Three Pillars of Project Management
PMP certification is only one piece in the puzzle of project management expertise. This articles discusses the three main pillars of successful project management: knowledge, experience and people skills. These three sisters play complementary roles and have a symbiotic relationship.
Author: Girish Deshpande, Technical Director at MindTree, http://newtechnologist.wordpress.com/
Original publication: http://newtechnologist.wordpress.com/2011/12/17/three-sisters-of-project-management/
Recently someone made passionate defense for PMP certification. In his words- “this is only quick solution available if the IT industry has to deliver the projects on time, within budget and to the satisfaction of all stakeholders”. Is it so? Is PMP certification really panacea for delivery issues plaguing IT and product engineering industry? I don’t think so.
People who harp on PMP certification want us to believe that once an aspiring project manager learns the science of project management by rote learning and solving zillions of Rita Mulcahy questions and then passing the PMP certification test then he will somehow become successful project manager delivering next generation products. The reality is different from such fantasy. Certification is only one piece in the puzzle. There are other pieces too. The successful project manager builds his career on three crucial pillars:
Knowledge. Project management and domain (subject matter expertise) knowledge. This is where certification, domain knowledge and structured education plays a role. I think this is very crucial pillar and certification is a one way to assess the candidate’s theoretical grounding. Such theory followed by certification also helps the budding project managers quickly understand the theory and principles of project management. Something which they can apply immediately in their project. But this is only one part of three part equation. On domain knowledge: Although some people may make you believe that once you are armed with PMP certificate you can manage any project in any domain without any subject matter expertise. I beg to differ. In technology industry the project manager needs technology and domain appreciation to get the big picture, understand the perspective of key stakeholders and identify critical success factors for given project or product. I have deliberately used the word appreciation and not expertize. I don’t think you need deep domain knowledge to manage technology projects. The familiarity is good enough.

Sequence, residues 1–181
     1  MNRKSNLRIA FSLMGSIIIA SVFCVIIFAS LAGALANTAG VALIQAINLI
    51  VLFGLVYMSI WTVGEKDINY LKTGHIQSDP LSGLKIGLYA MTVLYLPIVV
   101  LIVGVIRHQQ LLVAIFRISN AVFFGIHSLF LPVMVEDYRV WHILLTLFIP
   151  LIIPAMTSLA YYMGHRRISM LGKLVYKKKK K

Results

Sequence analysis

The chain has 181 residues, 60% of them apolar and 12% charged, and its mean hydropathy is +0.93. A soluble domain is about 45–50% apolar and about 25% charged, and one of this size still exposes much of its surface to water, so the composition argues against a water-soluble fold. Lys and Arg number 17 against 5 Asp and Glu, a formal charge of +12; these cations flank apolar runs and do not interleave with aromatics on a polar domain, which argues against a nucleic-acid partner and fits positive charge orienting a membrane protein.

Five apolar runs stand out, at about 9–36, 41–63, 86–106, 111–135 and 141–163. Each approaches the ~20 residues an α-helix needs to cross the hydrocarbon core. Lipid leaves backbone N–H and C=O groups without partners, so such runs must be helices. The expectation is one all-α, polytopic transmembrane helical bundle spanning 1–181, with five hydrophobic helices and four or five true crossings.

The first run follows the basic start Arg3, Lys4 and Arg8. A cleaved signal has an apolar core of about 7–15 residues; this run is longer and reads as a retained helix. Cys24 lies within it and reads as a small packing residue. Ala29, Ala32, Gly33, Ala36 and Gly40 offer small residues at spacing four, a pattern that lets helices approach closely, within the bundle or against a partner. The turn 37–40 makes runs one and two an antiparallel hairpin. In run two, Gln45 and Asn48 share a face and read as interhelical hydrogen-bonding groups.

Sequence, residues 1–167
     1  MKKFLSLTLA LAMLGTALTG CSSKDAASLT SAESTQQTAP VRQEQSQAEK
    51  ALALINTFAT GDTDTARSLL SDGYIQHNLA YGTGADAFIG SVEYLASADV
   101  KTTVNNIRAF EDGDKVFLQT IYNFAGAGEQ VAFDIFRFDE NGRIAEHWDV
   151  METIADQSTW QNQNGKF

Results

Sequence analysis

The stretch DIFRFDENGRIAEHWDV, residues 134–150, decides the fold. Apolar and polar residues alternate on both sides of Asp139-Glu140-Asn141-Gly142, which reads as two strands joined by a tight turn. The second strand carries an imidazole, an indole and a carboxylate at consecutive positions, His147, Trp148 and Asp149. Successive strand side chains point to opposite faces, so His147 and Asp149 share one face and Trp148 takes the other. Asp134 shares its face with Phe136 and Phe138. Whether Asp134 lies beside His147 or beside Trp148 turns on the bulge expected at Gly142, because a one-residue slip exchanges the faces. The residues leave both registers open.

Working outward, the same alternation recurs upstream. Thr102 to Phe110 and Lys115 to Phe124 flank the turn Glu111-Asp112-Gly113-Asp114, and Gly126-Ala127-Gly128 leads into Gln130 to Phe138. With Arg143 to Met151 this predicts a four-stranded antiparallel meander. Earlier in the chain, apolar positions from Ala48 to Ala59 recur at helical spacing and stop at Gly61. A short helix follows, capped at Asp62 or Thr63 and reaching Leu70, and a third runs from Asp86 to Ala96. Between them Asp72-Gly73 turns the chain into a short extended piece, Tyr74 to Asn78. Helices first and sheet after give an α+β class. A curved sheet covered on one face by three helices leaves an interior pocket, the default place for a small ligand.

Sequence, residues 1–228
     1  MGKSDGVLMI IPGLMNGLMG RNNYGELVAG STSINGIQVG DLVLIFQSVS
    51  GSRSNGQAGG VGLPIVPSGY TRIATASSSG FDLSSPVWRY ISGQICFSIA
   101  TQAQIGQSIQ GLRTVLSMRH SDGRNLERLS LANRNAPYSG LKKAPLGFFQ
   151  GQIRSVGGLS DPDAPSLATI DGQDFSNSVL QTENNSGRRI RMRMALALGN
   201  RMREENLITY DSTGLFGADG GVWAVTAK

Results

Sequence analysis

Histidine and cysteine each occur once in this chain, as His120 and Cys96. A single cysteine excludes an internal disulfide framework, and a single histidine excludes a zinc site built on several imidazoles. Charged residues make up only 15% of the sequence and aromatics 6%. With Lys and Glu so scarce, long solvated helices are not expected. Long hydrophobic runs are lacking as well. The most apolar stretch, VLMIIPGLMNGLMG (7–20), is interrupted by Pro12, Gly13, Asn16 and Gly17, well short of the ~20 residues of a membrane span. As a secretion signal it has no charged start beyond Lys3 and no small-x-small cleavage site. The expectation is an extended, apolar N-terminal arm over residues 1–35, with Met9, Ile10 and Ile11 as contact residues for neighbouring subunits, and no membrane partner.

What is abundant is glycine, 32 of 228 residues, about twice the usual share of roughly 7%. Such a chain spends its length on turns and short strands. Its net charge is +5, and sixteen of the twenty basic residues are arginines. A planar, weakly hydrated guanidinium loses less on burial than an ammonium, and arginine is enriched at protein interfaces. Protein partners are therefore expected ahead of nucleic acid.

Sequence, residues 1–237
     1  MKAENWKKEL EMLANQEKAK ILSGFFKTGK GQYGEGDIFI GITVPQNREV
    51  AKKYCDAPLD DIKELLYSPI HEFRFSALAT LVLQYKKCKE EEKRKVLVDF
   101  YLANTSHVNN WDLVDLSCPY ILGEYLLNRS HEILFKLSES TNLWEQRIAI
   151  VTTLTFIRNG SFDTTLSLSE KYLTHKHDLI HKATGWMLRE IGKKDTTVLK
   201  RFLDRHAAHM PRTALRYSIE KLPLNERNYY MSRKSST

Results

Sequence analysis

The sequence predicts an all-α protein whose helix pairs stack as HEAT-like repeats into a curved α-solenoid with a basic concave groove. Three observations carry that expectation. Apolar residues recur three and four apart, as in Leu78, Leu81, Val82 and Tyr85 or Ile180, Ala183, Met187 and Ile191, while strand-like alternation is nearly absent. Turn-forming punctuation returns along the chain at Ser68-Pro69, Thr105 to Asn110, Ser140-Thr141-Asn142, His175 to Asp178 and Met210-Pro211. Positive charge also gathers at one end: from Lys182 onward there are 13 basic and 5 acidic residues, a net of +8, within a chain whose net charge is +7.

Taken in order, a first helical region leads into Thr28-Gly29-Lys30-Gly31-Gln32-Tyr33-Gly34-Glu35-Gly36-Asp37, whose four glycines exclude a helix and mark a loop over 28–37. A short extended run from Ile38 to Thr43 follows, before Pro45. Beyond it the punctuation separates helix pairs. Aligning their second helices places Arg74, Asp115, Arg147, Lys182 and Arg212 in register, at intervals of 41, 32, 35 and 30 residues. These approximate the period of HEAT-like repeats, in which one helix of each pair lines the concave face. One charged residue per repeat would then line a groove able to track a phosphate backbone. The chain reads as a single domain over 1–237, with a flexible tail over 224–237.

Experience. You learn many things in life in the school of hard knocks. The certification and theory are no substitute for rich and varied experiences. The theory improves your knowledge of project management but the wisdom can come only from the experience. The experience without reflection and feedback is series of events without any value. Only when you analyze your mistakes and failures you develop insights and useful mental maps. Something which you can draw on in future. On the other hand sound theoretical base would surely improve the actual project management experience.
People skills. This is very crucial aspect and comes only with experience, regular 360 Degree feedback and innate interest in managing and leading people. I am firm believer in important role 360 degree feedback plays in the development of this skill. The people skill depends on your emotional competency and maturity. The absence of which can derail your project/program and career. When I say people I also include your customers, suppliers, external agencies, enabling functions like legal, purchase, and finance in it.
I believe that the real synergy of all three elements is key for a successful career as a project manager or program/delivery manager. This reminds me of the story of “Three Sisters of Agriculture” practiced by Native Americans in USA. These three sisters are corn, beans and Squash and they are planted together. Corn is tall but has shallow roots and need Nitrogen to grow healthy. Beans need tall stems to climb which Corn can provide. While beans produce Nitrogen in the soil that Corn can use. On the other hand, Squash spreads on the ground like a creeper and provides shade to preserve moisture in the soil and controls the weed. Its prickly hairs on the vine deter pests. This is good example of synergy in the nature. It is also a good example of taking holistic or systems view on the part of these farmers to achieve ultimate objective. This three sister relationship is symbiotic and presence of every sister is key to obtain higher yield. You can manage with only one or two sisters but then the result won’t be the same.
And I believe same holds true with our three sisters of project or delivery management. You should ideally sow all three together to reap the success. These sisters play complementary roles. And their relationship is also symbiotic.